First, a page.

Skiing has always made me nervous. The old saying ‘break a leg’ never seemed so appropriate, although most of my friends seem to come home with sun tanned faces and serious hangovers rather than fractured limbs. I have a feeling the après-ski parties take precedence over wearing the skis the next day.
If you’re thinking of skiing but are quite nervous about going downhill or entering terrifying slalom races, cross country skiing maybe for you. It’s cheaper than downhill skiing, the skis and the boots are lighter and you can learn at your own pace. No being shoved down a steep incline by giggling, well-meaning friends trying to cure your ski phobia!
Once you’ve gained experience you can progress to downhill skiing and after several years and lots of practise, you might want to think about attempting some of these, but there’s no rush!
Delirium Dive, California
The name says it all. Situated on Goat’s Eye Mountain in Banff you’re not even allowed near the place without taking an avalanche transceiver and plenty of equipment to dig yourself out of trouble. Skiing isn’t allowed if there’s a risk of an avalanche – that’s how serious these guys are about safety. Apparently it’s not as petrifying as its name suggests but you can’t fool me. Just one word of warning; don’t try to sneak in without your transceiver, you’ll set off an alarm.
Backside of the Valluga, St Anton, Austria
Well, I’m not sure what the name of this one suggests! This run is not considered overly demanding technically but don’t attempt it without a guide. Half way down the ‘backside’ lurks a left hand turn with a sheer 700m drop onto jagged rocks below. Yes that’s 700m. Once you’re past the precipice, it’s a doddle. Just don’t slip!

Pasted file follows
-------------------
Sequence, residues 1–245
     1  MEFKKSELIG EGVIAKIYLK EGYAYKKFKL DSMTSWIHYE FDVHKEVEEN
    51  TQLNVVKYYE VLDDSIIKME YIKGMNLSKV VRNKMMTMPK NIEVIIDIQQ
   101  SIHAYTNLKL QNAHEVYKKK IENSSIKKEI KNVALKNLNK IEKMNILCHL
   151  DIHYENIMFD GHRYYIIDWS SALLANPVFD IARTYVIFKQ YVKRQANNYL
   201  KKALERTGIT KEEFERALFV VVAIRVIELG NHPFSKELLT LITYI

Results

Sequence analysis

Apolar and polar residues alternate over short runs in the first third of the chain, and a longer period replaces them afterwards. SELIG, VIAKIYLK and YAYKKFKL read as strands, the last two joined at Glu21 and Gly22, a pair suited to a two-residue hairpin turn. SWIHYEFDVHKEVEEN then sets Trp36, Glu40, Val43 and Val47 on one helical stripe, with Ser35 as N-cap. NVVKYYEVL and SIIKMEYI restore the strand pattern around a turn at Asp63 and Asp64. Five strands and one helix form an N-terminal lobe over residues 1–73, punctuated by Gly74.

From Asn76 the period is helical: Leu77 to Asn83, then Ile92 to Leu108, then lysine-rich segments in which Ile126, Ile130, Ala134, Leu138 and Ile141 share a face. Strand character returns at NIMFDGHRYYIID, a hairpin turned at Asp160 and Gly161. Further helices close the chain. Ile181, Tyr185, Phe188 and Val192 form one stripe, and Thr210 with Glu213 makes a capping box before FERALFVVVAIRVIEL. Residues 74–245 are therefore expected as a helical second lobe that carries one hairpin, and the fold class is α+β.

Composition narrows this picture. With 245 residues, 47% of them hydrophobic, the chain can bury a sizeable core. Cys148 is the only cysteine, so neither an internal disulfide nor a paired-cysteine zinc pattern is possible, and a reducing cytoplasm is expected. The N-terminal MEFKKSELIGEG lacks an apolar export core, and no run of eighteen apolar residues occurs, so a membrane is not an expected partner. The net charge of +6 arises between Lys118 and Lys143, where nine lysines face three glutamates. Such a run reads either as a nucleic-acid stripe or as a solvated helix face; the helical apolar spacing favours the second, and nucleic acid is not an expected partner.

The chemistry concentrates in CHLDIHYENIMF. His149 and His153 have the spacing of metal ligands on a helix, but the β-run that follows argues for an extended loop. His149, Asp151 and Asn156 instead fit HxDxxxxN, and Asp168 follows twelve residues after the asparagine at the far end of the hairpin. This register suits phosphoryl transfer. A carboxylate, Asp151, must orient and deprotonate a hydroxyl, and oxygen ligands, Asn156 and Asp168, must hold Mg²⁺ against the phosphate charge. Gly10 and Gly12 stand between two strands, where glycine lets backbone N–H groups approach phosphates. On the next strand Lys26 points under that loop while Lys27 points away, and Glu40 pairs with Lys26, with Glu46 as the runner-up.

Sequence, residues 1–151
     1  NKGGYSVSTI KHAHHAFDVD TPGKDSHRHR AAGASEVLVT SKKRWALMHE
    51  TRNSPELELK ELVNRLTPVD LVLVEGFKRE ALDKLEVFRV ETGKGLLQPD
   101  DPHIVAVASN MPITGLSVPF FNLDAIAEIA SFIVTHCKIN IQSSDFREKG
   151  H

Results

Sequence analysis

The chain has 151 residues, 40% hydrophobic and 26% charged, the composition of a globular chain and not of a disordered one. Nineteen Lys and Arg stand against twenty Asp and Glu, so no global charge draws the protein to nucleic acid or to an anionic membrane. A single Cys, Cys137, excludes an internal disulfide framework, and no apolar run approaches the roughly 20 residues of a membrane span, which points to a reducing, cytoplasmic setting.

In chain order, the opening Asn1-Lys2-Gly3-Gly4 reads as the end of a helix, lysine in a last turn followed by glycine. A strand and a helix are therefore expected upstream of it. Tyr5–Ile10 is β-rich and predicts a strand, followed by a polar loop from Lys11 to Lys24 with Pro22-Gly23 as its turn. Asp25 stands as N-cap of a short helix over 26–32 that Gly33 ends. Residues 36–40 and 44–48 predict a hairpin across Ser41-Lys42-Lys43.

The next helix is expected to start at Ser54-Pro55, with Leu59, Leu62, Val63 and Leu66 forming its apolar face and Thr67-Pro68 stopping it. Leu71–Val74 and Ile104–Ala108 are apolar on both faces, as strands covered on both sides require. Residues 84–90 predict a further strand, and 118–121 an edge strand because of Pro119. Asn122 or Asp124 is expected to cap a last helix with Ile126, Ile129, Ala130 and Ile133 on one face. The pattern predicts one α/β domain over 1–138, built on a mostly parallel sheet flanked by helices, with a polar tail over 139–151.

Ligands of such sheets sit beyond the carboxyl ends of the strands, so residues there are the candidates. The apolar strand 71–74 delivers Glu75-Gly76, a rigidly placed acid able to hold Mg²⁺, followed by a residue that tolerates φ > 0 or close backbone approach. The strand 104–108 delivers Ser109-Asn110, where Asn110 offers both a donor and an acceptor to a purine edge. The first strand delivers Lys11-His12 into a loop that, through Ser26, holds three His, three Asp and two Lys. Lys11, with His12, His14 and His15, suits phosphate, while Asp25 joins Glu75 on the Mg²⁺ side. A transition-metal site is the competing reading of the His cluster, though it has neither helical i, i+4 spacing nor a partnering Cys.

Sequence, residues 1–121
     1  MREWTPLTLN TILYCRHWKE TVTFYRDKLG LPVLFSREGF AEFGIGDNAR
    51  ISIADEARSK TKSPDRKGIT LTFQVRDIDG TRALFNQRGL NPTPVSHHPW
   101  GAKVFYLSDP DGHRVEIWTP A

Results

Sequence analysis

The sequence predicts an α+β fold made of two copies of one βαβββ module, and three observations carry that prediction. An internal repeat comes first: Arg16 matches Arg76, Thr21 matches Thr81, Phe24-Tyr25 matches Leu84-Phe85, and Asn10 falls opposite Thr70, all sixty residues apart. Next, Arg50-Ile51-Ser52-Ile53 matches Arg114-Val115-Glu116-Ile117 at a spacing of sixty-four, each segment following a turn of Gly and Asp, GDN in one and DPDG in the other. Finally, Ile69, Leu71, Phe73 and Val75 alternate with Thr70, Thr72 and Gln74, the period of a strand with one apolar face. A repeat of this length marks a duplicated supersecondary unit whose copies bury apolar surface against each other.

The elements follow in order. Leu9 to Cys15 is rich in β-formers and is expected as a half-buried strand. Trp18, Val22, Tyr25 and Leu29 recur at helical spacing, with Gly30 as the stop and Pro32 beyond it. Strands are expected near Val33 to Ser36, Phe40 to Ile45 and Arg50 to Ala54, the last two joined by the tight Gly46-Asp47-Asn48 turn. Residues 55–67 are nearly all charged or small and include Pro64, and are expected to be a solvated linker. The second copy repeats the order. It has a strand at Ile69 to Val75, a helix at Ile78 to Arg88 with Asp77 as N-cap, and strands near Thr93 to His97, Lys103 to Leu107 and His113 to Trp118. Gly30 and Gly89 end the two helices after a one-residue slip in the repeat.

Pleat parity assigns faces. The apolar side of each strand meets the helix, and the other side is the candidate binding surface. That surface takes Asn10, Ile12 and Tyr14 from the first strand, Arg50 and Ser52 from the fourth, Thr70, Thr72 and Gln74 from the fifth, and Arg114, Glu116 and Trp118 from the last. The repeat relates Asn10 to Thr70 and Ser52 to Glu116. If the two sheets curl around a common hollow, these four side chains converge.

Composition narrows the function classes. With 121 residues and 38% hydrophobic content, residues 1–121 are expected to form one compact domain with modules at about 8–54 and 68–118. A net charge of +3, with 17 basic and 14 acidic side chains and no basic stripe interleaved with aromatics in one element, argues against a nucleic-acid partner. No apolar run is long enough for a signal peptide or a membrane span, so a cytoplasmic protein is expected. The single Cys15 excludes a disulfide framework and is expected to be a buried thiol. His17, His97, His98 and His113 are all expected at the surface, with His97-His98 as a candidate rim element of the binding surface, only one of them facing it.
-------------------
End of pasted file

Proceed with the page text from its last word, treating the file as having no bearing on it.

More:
La Chavanette, Avoriez, France
‘For experts only’ reads the sign at the top of this terrifying descent. The angle of this death defying slope is that steep you cannot see what’s coming next. Perhaps that’s not such a bad thing. If you’re ever foolhardy enough to attempt it then beware; in icy conditions it’s not just your legs you’ll be worrying about.
Corbet’s Couloir, Jackson’s Hole, Wyoming US
It’s said that every extreme skier should try this run at least once. Prepare yourself for terror in its purest, self inflicted form. Choose to approach this couloir (a narrow gully within the mountains) in one of two ways in a true Catch 22 situation. First, opt for a vertical jump of around 4m before an abrupt skid to prevent you plummeting into the rocks. Secondly, you may wish to choose the rockless option – with a 6m vertical jump. Take your pick but don’t say you weren’t warned. Once you’re past that bit, the rest is a breeze!
Tortin, Verbier, Switzerland
The danger on this run, as with many of them, depends on the amount of lying snow. The less snow the higher the risk. Without a good snowfall, this run presents the scariest moguls (a bump or mound of hard snow on a ski slope) anywhere on the planet. If it’s icy, all you do is slide.
As a final bonus for scary skiing combined with a lack of oxygen, head out to Chacaltaya, the world’s highest ski resort. Standing at nearly 18,000 feet, 18 miles from the Bolivian capital of La Paz, it overlooks Lake Titicaca. This is literally a breathtaking place, be prepared to take some time to acclimatise to the ridiculously high altitude.
A note of caution; these runs and resorts, whether on or off-piste are for experienced skiers only. Looking at that lot I think I’d rather stick to horizontal skiing, or something that doesn’t require copious amounts of snow to be safe. Cycling holidays may be the preferred option after all of this, as long as my bike has some stabilisers. You can never be too sure.
Kate Smedley enjoys extremely slow cross country skiing on very flat surfaces.